At the other end of the scale is Miles by George Mahoney. Based on the detail image on the show invitation, I was really looking forward to seeing this bent birch plywood and steel chair. From across the room, it does indeed look dramatic and inviting. But, upon closer inspection, that initial glimpse wavers; the piece simply is not entirely consistent. The visibly bolted and constructed nature is very appealing, even seductive. But when I peer into the awkward triangular structure supporting the wooden slats, I see not a continuation of the theme, but an attempt at obfuscation. Instead of visible nuts or some other direct elaboration of the structure, there are threaded attachments which appear to have been welded with uneven beads that called for more care and attention of finish. The metal frame in general feels unresolved, leaving the overall impression of a form caught between candid construction and modern cleanliness. Perhaps it is no coincidence that adjacent to it is another potentially interesting exploration that falls prey to similar problems, Double Rocking Chair by Thomas Oliphant.

Compare these two works with the chairs by Blu Dot and Dan Cramer on the other side of the gallery which succeed in achieving a confidently clean, modern effect. Here, the organic is constrained and mixed materials are expertly integrated. The results may be rather cold, even too corporate for some; but that is a matter of taste. By the criteria they establish for themselves, high-end institutional office design, they succeed.

The two music stands and bench by Ross Peterson are exquisite and demand close attention. The subtly sculpted edges throughout the works are especially satisfying; their construction can only be described as assured.

Bert Taylor's computer designed tables demonstrate the range of work in the exhibition and the variety of approach to furniture design today. The pieces cry out to be played with, manipulated, and repositioned, which makes them difficult to fully evaluate without doing so. I suspect the design possibilities are somewhat less than infinite, which is to be expected and yet still disappointing. The structures bespeak a nimble intelligence that embraces the unique nature of the fiberboard, plywood, and synthetic wine corks of which they're made.

There is something for everyone here: the wonderfully architectural benches by John Nesset, a sculpted coffee table by Carl Gromoll, idiosyncratic bent willow chairs by Clifton Monteith, witty assemblages of Tom Loeser. The one constant throughout is the emphatically clear imprint left on each creation by the character of its maker.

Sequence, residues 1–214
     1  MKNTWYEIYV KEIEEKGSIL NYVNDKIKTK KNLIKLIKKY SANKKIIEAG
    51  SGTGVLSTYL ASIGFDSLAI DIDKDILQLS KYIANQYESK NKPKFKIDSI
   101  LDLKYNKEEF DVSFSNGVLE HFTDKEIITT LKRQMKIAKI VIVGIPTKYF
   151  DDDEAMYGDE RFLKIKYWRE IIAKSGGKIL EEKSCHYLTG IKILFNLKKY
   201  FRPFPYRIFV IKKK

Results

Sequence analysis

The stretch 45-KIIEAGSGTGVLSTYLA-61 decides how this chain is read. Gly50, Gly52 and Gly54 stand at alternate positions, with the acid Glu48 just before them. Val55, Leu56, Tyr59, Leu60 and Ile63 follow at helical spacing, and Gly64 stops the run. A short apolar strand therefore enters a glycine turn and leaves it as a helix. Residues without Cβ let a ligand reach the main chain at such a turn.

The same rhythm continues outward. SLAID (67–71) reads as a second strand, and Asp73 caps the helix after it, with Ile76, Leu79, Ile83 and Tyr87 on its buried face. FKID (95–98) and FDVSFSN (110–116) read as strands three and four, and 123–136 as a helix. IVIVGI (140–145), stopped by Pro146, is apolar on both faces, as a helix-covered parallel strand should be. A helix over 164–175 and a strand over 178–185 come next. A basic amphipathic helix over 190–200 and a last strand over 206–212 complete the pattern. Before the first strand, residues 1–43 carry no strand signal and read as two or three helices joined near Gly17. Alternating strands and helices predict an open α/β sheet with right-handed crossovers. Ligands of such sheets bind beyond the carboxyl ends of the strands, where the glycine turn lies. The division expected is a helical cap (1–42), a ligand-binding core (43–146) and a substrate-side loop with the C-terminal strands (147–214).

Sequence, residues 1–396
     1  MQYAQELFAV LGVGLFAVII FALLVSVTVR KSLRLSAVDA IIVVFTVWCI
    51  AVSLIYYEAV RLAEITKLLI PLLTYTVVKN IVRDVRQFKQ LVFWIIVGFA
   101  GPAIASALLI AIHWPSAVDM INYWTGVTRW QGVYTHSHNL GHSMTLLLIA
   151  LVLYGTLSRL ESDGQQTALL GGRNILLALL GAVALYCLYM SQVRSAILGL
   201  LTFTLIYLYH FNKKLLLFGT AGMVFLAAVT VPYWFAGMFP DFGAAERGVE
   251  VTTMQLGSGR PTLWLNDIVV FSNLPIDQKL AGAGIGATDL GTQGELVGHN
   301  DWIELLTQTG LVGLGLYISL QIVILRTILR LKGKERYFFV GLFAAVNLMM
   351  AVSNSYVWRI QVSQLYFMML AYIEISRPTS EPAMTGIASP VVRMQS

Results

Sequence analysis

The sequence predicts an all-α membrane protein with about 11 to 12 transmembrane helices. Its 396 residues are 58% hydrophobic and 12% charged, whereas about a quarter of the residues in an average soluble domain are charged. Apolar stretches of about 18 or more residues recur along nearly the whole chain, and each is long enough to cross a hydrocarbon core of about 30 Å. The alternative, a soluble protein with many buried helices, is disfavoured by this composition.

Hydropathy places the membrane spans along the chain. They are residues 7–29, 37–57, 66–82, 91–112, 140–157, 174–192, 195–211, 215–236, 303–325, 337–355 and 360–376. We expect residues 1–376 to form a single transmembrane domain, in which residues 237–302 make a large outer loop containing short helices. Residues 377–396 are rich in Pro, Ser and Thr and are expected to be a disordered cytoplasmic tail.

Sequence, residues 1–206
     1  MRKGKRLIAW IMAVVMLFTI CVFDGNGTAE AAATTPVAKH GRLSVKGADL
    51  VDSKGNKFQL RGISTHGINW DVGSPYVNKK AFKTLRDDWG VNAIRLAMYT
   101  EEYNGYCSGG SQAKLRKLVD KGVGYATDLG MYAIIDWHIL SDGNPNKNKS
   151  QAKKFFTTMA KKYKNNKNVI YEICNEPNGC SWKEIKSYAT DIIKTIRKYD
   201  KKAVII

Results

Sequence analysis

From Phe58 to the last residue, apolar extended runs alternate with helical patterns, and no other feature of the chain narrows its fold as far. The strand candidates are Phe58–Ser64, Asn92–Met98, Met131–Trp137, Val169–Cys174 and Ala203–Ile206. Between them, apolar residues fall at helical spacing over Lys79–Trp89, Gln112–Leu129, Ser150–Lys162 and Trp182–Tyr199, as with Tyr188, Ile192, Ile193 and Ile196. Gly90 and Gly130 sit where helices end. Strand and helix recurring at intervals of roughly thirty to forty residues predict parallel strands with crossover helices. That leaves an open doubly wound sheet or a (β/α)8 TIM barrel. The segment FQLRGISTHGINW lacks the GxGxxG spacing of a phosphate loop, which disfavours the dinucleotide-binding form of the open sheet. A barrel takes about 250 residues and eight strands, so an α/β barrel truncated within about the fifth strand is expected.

It is a difficult time for artisans and designers creating custom furniture today. With increased competition and advances in production technology and design, they are under assault from all sides. But at their best, these artists achieve a level of conscious integrity that remains unrivaled. What can a maker bring to the table (and chair) that Ikea cannot? The answer is – with a combination of intelligence, skill and wit – quite a bit.

About the writer: Sam Spiczka was was born and raised in rural Minnesota near St. Cloud. He is a sculptor who, early on, became captivated by metal through the experience of working at his family's welding shop. Though he briefly studied art and philosophy at Gustavus Adolphus College, his true education has come from Nature, the example of past sculptors, and the craftsmanship of his father. His award-winning sculptures have been exhibited nationally – including at DeCordova Museum and Sculpture Park, the Rochester Art Center and Franconia Sculpture Park. You can see a new exhibtion of Sam Spiczka's sculpture, Midwest Gothic, at the Alice R. Rogers and Target Galleries, St. John's University through April 27, 2008.

What: Functional Sculpture: Furniture from the Upper Midwest
Where: Carleton College art gallery, Northfield, MN
When: Exhibition closes March 10, 2008.

 

 

MN Artists